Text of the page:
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3 Minutes Read

What is Resilience?

You may have heard that people working through trauma benefit from resilience, but the term resilience itself is not always readily explained.

Read on to learn more about what resilience actually is, why it’s important, and how you can take steps to build resilience.

What is resilience?

Simply put, resilience is the inner fortitude and flexibility that helps you confront challenges, move past setbacks, and heal from painful experiences. Characteristics such as a hopeful outlook on life, well-practiced positive coping strategies, and successful experiences with overcoming adversity in the past can all contribute to resilience.

A common misconception is that people who are resilient simply don’t encounter setbacks in life. In reality, people who don’t experience at least a little adversity are likely to be LESS resilient than average. Resilient people face difficult experiences, cope with them, and grow from them, improving their ability to cope in the future.

Why is resilience important?

Having resilience is necessary in order to get through life’s challenges in a healthy manner. People with less resilience are more likely to turn to negative coping mechanisms to deal with emotional stress, such as misusing alcohol or drugs to numb painful feelings. They are also more likely to struggle with mental health symptoms, such as anxiety or depression, when confronted with adversity.

How can I build resilience?

Here are three key steps you can take to become more resilient:

1. Improve your emotional regulation skills 

Getting better at managing intense feelings will help you avoid having your emotions take an outsized role in responding to a crisis. 

For example, if you learn that your landlord has suddenly made a drastic raise in your rent, which means you’ll have to move unexpectedly on short notice, regulating your emotions healthily can help you keep from having an angry outburst that tempts your landlord to retaliate, or start feeling so upset and sorry for yourself that you don’t take necessary steps to move. 

2. Focus on what you can control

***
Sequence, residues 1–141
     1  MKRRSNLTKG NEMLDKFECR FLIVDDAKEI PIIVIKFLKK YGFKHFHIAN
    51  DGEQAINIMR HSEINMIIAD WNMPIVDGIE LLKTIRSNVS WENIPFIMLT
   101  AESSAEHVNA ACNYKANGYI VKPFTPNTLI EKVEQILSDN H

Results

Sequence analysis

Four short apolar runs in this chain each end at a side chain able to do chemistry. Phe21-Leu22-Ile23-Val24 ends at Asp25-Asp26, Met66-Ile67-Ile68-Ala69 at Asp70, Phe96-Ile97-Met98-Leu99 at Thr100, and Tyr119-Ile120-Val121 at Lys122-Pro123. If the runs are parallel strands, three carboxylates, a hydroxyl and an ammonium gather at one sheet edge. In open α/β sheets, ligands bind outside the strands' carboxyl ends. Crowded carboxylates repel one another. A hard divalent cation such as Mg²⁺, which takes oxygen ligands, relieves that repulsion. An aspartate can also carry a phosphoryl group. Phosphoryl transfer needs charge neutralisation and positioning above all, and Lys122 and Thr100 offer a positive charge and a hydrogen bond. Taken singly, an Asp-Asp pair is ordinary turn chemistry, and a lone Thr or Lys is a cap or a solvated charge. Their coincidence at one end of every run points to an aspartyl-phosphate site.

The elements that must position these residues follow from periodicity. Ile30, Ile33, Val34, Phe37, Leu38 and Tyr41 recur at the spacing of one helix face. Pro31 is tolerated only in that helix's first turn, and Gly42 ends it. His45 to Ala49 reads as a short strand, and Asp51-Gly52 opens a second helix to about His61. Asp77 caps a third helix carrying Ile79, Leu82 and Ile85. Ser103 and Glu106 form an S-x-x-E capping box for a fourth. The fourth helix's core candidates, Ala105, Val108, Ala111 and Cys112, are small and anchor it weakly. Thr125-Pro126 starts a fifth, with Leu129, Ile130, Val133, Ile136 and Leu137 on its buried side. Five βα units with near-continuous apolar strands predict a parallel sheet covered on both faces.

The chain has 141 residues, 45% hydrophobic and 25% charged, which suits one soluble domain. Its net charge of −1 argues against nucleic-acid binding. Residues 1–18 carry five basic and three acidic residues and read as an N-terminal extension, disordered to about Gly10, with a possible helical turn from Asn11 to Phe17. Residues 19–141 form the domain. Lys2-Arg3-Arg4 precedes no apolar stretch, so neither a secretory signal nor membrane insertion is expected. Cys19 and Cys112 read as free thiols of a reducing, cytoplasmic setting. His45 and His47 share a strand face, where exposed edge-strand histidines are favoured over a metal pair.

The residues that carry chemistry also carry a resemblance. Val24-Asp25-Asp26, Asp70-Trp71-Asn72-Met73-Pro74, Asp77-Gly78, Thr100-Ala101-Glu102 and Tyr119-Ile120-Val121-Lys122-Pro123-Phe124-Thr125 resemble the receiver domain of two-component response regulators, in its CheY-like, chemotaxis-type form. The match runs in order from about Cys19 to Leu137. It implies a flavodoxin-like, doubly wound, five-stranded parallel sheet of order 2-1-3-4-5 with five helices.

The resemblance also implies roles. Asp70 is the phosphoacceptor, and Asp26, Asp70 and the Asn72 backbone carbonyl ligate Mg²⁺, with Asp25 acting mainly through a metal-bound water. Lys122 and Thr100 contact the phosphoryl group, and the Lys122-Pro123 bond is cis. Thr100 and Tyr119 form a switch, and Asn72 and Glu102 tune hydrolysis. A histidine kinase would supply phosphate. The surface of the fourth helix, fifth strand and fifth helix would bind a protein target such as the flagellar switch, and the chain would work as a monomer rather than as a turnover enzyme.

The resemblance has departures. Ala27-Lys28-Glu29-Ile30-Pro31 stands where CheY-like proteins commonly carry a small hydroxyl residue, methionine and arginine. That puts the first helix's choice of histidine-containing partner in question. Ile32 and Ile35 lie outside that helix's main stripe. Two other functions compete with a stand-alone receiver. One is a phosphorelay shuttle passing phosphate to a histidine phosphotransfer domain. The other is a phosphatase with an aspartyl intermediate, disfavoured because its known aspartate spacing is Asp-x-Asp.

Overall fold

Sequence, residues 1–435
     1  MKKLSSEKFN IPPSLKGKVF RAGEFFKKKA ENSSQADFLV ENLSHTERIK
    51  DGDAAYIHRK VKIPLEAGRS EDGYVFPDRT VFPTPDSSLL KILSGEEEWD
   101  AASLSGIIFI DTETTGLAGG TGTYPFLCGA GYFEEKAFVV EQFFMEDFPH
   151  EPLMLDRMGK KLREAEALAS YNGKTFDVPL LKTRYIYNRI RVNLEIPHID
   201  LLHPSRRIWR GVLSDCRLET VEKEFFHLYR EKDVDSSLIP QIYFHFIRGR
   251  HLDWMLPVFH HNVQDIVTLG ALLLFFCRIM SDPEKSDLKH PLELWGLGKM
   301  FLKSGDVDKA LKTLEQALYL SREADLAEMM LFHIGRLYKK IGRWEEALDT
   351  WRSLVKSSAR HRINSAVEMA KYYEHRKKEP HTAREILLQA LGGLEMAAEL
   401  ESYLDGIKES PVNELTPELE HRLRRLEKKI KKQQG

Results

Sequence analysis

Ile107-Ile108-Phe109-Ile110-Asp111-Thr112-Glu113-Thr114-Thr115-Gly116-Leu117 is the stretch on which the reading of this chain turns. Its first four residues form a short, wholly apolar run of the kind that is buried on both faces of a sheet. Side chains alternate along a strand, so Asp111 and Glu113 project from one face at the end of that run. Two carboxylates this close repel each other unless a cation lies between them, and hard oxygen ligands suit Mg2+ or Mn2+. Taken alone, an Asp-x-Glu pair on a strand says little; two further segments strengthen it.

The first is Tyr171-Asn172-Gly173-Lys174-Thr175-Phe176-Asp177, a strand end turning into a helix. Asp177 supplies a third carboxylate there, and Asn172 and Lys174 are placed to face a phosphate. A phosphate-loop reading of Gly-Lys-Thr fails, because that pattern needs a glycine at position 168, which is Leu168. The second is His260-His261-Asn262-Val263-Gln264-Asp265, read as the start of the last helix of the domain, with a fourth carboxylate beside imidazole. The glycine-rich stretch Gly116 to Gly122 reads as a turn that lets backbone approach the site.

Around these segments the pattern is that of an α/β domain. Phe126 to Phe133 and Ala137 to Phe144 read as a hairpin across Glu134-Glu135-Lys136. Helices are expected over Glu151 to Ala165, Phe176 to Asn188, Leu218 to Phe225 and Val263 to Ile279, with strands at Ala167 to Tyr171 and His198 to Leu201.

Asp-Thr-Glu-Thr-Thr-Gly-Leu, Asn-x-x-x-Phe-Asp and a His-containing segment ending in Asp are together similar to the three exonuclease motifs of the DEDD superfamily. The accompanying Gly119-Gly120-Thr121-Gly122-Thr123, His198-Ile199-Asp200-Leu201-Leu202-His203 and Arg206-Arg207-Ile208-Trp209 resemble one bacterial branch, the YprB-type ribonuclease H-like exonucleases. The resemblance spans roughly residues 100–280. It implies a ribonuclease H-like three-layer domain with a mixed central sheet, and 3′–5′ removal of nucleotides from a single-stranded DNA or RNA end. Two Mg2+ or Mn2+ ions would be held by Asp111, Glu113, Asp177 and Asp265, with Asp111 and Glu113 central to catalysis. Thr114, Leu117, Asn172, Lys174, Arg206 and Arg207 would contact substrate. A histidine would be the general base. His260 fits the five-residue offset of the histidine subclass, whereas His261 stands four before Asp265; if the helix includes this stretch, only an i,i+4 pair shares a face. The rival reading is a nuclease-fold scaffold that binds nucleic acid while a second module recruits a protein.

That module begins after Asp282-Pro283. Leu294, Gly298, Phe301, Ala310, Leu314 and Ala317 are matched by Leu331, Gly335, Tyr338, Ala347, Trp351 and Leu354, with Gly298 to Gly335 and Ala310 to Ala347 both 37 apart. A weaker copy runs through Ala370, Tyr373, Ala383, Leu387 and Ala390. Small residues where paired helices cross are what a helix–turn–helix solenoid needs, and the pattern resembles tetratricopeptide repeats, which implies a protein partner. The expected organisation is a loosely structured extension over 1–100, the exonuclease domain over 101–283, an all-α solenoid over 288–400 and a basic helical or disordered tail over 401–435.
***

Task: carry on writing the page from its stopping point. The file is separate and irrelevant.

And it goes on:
Many, many things in life are outside of our control — that’s a simple fact — but over-fixating on that reality can bring about feelings of helplessness that are counterproductive, hindering you from finding areas where you CAN take action.

I often encourage clients to focus on what they can control when going through a divorce or exiting a long-term partnership, particularly if the end of the relationship was not their decision. While being newly single might be an unexpected or even unwanted chapter, there’s an opportunity to steer yourself in a direction that you want to land. 

Where would you like to live moving forward? What kind of ongoing connection do you want to cultivate (or avoid cultivating) with your ex? Are there areas of your life that you’ve neglected in favor of the relationship that you want to re-invigorate or explore deeper?

3. Choose to see the best in yourself

In today’s age of self-improvement, many of us are very used to examining our flaws and working on ourselves. However, it’s important to also see the things in us that are already good — to cheer ourselves on when we try to do something hard and to celebrate ourselves when we go through a tough time and emerge in one piece on the other side.

Choosing to see the best in yourself builds self-compassion, self-esteem, and a sense of competency - all of which factor into resilience.

Ask for help

A final word on resilience — remember that no matter how resilient you may be, no one can do it all alone. We all have times when it’s hard to be hopeful or when those self-care strategies don’t seem to work as well as they used to or when the adversity we’re tackling feels so overwhelming that we feel stuck or tempted to give up.

Relying on loved ones, a mentor, or a mental health professional during these periods is crucial — the care and support extended by people you trust can really help get you back in fighting shape.

If you’re going through an especially tough period in your life or if you’re simply looking to do some work to boost your resiliency, therapy can be an invaluable resource. Click the button below to set up a free phone consultation — I’d love to tell you more about my therapy practice and how we might get started with working together.


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